National Association of Christian Ministers Summary Series: Theology

The Samaritans were a distinct religious and ethnic group that emerged in the region of Samaria, which was located between Judea and Galilee in ancient Israel. The origins of the Samaritans can be traced back to the Assyrian conquest of the northern kingdom of Israel in 722 BC.

After the conquest, the Assyrians deported many Israelites from the region and resettled it with people from other lands. Over time, the remaining Israelites intermarried with the newcomers, resulting in a mixed population that followed a unique form of religious worship and held distinct beliefs.

The religious differences between the Samaritans and the Jews of Judea were a significant source of tension.

The Samaritans maintained their own version of the Pentateuch (the first five books of the Hebrew Bible), known as the Samaritan Pentateuch, which had some variations from the Jewish version.

They also had their own temple on Mount Gerizim, which they regarded as the central place of worship, in contrast to the Jewish temple in Jerusalem.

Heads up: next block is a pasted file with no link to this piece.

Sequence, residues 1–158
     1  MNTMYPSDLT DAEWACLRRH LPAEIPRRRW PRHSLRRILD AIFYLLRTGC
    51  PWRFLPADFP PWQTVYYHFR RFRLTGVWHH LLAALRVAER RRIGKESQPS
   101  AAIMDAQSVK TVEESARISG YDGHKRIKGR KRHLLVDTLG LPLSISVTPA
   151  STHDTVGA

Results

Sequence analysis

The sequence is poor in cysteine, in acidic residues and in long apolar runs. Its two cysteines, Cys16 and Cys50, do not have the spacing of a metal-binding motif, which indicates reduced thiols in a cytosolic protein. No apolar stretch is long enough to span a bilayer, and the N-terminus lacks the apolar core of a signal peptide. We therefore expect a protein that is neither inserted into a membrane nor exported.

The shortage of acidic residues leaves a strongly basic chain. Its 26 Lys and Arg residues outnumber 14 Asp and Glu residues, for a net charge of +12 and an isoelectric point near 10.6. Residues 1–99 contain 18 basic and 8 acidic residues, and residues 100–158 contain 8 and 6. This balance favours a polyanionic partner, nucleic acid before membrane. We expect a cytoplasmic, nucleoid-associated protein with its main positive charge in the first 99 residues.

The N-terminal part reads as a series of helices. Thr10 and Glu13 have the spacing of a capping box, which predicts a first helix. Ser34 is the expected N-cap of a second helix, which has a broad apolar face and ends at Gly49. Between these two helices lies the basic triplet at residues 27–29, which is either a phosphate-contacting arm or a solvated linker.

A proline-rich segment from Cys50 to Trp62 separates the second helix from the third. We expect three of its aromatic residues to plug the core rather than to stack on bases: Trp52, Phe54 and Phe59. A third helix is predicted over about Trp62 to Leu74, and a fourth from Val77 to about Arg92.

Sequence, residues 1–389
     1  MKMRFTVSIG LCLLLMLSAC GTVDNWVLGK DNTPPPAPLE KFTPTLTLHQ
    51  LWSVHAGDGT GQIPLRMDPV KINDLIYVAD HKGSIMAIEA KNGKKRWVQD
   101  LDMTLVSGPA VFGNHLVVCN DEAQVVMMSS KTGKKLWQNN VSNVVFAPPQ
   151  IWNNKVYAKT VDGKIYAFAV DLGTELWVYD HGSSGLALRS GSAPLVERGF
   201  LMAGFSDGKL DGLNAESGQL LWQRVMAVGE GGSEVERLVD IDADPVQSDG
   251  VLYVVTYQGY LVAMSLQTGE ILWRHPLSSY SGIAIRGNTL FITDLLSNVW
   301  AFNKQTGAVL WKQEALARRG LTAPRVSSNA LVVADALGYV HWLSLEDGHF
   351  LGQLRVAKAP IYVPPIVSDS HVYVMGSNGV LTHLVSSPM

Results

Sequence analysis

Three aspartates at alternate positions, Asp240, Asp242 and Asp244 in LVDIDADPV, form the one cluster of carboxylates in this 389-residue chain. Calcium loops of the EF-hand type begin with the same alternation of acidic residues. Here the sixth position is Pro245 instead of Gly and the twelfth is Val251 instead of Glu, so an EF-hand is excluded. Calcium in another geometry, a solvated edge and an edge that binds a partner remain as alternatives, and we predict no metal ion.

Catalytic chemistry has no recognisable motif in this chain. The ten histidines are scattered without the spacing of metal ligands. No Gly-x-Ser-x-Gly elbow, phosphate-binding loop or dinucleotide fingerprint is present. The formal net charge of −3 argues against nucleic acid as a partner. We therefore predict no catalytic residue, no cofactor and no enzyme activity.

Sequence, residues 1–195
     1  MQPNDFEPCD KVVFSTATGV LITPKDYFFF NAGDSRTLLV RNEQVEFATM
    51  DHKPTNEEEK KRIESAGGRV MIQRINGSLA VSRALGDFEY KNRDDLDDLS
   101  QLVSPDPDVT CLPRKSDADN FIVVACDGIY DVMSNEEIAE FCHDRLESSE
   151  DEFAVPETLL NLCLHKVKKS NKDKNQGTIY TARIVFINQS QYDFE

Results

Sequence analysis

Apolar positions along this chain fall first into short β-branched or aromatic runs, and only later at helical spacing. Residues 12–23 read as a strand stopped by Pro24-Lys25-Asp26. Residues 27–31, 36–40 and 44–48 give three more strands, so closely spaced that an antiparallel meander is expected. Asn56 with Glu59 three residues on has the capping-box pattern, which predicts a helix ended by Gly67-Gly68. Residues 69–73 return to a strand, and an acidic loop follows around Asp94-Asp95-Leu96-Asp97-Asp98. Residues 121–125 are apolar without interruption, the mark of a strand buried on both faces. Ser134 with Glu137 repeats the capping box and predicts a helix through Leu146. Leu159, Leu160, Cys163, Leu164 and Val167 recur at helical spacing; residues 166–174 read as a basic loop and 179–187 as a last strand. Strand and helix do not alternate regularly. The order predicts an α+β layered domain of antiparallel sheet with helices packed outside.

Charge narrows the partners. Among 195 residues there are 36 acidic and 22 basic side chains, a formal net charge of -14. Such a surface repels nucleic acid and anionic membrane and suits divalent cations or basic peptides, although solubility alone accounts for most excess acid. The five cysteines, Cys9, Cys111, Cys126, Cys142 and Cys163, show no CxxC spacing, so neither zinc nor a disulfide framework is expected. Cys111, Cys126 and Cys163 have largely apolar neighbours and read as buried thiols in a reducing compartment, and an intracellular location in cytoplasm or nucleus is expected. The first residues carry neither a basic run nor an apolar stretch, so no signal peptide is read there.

The relationship between the Jews and the Samaritans was marked by animosity and mutual hostility. The Jews of Judea considered the Samaritans to be impure and heretical. The New Testament contains accounts of this animosity, including the parable of the Good Samaritan, which highlighted the unexpected kindness of a Samaritan toward a Jewish man.

Despite their differences, the Samaritans and the Jews had some shared ancestry and common religious roots. In recent times, the Samaritans have continued to maintain their distinct religious and cultural identity, although their numbers are relatively small. They still celebrate their unique religious festivals and perform ancient rituals on Mount Gerizim.